You really need to read the article before commenting. No PVC pipes or steel ones are flying. The PVC is a launch tube and steel would be safer because it would not have a brittle fracture problem like PVC.
The "rocket" itself weights 60 grams and is mostly paper and foam shock absorbing material. Although I try to avoid being hit by it, I don't think it would do much damage to me. I fly my rockets on my property and I'm the only one that they could land on.
I suppose the absolute answer is more a question of how much acceleration your payload can withstand. These are projectiles, not rot really rockets, so the speed and eventual maximum altitude are limited by the barrel length and the acceleration.
200g acceleration over 20 inches will result in 146.5 ft/sec, 400g will get you 207 ft/sec.
For a launcher built from PVC pipe such as I'm using, I limit the maximum pressure to 50 PSI. This is well below the pressure rating for the PVC, but PVC under pressure fails with a brittle fracture that is very dangerous with compressed air. If you want to go with higher pressure you should encase the PVC in steel that can contain any potenetial explosion of the PVC. Better yet use a metalic pipe rated for the pressure that will fail gracefully if it does fail.
My analysis shows that I should be able to get a 100 gram to 120 gram total mass up to 250 to 300 feet with the PVC type technology I'm using. To do this I'll double the length of the 2 inch air cylinder and increase the rocket body diameter to something around 1.5 inches and lengthen the launch tube slightly.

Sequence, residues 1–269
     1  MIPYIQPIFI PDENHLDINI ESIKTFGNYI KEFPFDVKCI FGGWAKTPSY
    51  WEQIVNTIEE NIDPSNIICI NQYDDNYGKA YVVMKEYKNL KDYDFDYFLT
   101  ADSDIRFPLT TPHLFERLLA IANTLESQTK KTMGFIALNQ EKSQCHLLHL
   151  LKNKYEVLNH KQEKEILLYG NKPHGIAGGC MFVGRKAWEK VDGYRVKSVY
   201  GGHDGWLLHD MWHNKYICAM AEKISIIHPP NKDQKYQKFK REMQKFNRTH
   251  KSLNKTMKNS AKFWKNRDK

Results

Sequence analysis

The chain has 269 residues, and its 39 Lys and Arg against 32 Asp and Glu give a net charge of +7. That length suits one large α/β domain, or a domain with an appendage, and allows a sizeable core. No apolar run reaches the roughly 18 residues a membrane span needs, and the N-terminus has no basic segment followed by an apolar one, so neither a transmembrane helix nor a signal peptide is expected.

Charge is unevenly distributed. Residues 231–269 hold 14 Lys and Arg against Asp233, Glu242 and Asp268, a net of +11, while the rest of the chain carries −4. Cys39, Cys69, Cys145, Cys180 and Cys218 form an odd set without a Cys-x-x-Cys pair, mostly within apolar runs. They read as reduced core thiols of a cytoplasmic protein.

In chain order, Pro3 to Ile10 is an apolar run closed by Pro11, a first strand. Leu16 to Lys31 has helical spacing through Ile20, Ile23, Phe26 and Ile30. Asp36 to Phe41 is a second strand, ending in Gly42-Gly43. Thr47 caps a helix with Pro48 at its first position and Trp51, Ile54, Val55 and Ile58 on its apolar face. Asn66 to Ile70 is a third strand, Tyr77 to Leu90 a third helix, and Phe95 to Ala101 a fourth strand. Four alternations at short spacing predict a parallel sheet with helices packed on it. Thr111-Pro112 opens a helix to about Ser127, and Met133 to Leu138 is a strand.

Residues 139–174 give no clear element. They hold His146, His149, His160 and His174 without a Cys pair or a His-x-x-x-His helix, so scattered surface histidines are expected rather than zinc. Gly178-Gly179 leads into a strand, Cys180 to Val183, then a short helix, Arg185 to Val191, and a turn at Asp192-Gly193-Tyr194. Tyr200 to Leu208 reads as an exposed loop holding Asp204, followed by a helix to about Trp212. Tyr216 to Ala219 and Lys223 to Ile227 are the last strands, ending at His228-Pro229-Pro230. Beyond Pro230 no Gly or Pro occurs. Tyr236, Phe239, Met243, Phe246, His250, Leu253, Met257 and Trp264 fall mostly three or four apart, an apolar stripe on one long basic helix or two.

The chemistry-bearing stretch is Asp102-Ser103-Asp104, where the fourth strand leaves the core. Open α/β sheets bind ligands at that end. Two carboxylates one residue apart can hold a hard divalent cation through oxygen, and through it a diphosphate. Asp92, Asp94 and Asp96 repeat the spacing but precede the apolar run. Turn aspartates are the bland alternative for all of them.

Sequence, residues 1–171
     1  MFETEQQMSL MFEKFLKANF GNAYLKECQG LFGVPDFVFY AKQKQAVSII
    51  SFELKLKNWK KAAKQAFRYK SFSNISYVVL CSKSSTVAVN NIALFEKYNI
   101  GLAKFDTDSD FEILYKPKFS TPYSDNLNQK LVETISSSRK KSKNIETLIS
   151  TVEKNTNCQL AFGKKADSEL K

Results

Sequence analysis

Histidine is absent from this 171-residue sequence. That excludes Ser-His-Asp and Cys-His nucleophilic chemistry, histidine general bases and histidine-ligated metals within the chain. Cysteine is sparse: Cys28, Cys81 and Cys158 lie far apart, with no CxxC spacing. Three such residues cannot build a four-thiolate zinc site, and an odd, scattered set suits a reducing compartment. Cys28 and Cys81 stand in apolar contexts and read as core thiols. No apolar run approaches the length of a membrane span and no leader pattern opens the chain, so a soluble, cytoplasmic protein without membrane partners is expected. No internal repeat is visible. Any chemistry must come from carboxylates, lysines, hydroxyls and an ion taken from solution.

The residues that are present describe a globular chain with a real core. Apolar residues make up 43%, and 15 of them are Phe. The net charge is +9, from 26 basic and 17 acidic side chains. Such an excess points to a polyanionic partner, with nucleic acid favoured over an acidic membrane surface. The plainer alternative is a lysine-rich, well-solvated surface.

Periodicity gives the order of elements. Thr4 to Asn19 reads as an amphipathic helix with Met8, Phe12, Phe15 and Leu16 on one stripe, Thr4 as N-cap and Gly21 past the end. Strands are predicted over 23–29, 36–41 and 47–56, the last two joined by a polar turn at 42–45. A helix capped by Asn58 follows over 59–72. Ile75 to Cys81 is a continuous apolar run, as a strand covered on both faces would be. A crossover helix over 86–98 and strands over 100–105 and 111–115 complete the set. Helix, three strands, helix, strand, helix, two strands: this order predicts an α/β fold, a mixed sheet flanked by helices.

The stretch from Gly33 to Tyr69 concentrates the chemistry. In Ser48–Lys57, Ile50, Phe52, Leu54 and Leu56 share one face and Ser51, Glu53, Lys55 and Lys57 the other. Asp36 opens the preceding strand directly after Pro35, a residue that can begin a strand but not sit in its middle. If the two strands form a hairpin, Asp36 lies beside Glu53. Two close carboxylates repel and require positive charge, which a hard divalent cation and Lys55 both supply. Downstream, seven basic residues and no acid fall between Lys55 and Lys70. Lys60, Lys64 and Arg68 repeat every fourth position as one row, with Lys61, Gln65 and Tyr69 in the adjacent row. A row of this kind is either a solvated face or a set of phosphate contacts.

To go larger and higher you'd probably want to go with a higher pressure system, or a real rocket.
October Sky - Now thats a GREAT movie, Charles! Very inspiring. I remember watching those boys in their rocket house blowing up rockets until they got it right. I need to go rent it again. We did a birthday party a few years ago and bought a 12 pack of easy to build rockets for one of our son's birthday parties. We took them to the park by our house and all the kids got to shoot off their rockets. So much fun is to be had with model rocketry!
I'm still using the original camera. it has survived quite a few flights. Even if I use a parachute for a gentle descent, the camera still has to withstand around a 200 g launch acceleration. It's a good thing the camera is inexpensive, I never would have tried this with a $100 camera.
As far as more construction details you should try the build instruction link. That will let you download what should be sufficient information to build one of these.
New versions of BASF's Ecovio line are both compostable and designed for either injection molding or thermoforming. These combinations are becoming more common for the single-use bioplastics used in food service and food packaging applications, but are still not widely available.
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